From Discover magazine:
Vaccines were once thought of as an axiomatic good, a longed-for salvation in the form of a syringe, banishing crippling and deadly infections like polio, smallpox and tetanus. But within the past few decades we have seen the emergence of anti-vaccination movements and a rise in cases of childhood diseases that are entirely preventable with a quick jab to the arm.
Some of the American public’s hesitance to embrace vaccines — the flu vaccine in particular — can be attributed to the long-lasting effects of a failed 1976 political campaign to mass-vaccinate the public against a strain of the swine flu virus. This government-led campaign was widely viewed as a debacle and put an irreparable dent in future public health initiatives, as well as negatively influenced the public’s perception of both the flu and the flu shot in this country.
* * *
But while the World Health Organization adopted a cautious “wait and see” policy to monitor the virus’s pattern of disease and to track the number of emerging infections, President Gerald Ford’s administration embarked on a zealous campaign to vaccinate every American with brisk efficiency. In late March, President Ford announced in a press conference the government’s plan to vaccinate “every man, woman, and child in the United States” (1). Emergency legislation for the “National Swine Flu Immunization Program” was signed shortly thereafter on April 15th, 1976 and six months later high profile photos of celebrities and political figures receiving the flu jab appeared in the media. Even President Ford himself was photographed in his office receiving his shot from the White House doctor.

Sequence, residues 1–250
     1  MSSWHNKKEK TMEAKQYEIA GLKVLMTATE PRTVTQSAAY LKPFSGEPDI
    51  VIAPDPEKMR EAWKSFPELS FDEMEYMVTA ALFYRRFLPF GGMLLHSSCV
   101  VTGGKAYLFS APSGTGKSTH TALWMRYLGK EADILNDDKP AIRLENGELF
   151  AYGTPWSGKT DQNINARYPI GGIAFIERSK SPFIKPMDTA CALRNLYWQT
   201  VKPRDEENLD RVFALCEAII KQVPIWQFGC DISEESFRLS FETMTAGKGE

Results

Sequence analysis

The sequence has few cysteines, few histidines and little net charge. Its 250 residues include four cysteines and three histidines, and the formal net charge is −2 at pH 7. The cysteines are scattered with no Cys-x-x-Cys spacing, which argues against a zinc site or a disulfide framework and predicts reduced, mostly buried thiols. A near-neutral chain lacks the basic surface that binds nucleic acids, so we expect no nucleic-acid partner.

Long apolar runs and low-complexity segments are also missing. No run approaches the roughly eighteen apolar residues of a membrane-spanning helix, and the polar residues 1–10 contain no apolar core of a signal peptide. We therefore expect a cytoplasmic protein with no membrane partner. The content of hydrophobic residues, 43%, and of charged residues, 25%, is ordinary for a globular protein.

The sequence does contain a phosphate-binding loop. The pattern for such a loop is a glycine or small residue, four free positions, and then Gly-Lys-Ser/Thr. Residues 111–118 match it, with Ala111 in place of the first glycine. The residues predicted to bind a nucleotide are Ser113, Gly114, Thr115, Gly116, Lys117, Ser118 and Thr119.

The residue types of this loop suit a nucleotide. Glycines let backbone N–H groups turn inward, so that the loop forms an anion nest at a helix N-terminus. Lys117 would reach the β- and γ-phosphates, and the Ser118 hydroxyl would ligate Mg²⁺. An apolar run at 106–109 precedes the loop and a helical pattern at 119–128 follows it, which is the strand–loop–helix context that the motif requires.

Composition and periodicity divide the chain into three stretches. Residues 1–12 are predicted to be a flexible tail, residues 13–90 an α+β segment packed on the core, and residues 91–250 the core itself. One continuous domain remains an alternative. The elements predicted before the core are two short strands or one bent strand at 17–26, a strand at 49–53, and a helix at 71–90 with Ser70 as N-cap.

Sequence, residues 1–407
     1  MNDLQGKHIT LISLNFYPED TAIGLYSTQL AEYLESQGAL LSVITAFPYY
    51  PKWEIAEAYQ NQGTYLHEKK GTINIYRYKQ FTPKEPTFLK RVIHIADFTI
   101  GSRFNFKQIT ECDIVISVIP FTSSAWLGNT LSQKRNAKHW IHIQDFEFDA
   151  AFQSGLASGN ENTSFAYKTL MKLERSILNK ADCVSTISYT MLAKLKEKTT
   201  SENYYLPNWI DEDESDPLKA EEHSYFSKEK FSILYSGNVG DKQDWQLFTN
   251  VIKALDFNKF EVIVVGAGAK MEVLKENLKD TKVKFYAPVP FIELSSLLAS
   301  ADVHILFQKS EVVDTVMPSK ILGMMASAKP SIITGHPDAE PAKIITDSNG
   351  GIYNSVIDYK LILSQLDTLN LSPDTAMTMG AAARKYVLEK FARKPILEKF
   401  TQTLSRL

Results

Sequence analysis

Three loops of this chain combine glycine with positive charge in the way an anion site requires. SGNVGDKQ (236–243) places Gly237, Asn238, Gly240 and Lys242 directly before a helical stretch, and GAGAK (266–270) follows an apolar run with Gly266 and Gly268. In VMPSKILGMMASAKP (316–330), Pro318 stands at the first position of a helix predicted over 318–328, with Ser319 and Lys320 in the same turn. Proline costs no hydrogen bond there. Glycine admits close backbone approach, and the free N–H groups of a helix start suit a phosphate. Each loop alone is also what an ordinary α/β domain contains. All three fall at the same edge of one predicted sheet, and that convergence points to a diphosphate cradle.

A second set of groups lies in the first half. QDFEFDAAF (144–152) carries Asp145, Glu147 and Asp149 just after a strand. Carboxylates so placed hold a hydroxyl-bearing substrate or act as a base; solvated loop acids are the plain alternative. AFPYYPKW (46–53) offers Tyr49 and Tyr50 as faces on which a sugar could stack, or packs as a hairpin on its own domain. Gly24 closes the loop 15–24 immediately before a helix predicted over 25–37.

* * *
The American public can be notably skeptical of forceful government enterprises in public health, whether involving vaccine advocacy or limitations on the size of soft drinks sold in fast food chains or even information campaigns against emerging outbreaks. The events of 1976 “triggered an enduring public backlash against flu vaccination, embarrassed the federal government and cost the director of the U.S. Center for Disease Control his job.”
One aspect of the fiasco was that of the 45 million U.S. residents hastily vaccinated against Swine Flu, 450 developed a severe neurological disorder called Guillain-Barre syndrome.
Peter Doshi, an associate editor at British Medical Journal, is not favorably impressed with the recent vaccine trial announcements. “90% effective.” “95% effective!”
Coronavirus guru Anthony Fauci assures us that a coronavirus vaccine will only be FDA-approved if it’s “safe and effective.”
But what will it mean exactly when a vaccine is declared “effective”? To the public this seems fairly obvious. “The primary goal of a covid-19 vaccine is to keep people from getting very sick and dying,” a National Public Radio broadcast said bluntly.
Peter Hotez, dean of the National School of Tropical Medicine at Baylor College of Medicine in Houston, said, “Ideally, you want an antiviral vaccine to do two things . . . first, reduce the likelihood you will get severely ill and go to the hospital, and two, prevent infection and therefore interrupt disease transmission.”